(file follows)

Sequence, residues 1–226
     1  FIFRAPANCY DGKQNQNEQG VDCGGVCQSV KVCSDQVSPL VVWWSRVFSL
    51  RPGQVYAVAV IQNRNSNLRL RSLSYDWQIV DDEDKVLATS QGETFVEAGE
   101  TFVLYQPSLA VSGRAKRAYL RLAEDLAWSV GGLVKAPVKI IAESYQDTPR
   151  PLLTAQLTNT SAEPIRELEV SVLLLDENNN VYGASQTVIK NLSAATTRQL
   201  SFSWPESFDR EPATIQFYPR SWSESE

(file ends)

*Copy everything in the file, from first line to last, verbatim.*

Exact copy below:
Sequence, residues 1–226
     1  FIFRAPANCY DGKQNQNEQG VDCGGVCQSV KVCSDQVSPL VVWWSRVFSL
    51  RPGQVYAVAV IQNRNSNLRL RSLSYDWQIV DDEDKVLATS QGETFVEAGE
   101  TFVLYQPSLA VSGRAKRAYL RLAEDLAWSV GGLVKAPVKI IAESYQDTPR
   151  PLLTAQLTNT SAEPIRELEV SVLLLDENNN VYGASQTVIK NLSAATTRQL
   201  SFSWPESFDR EPATIQFYPR SWSESE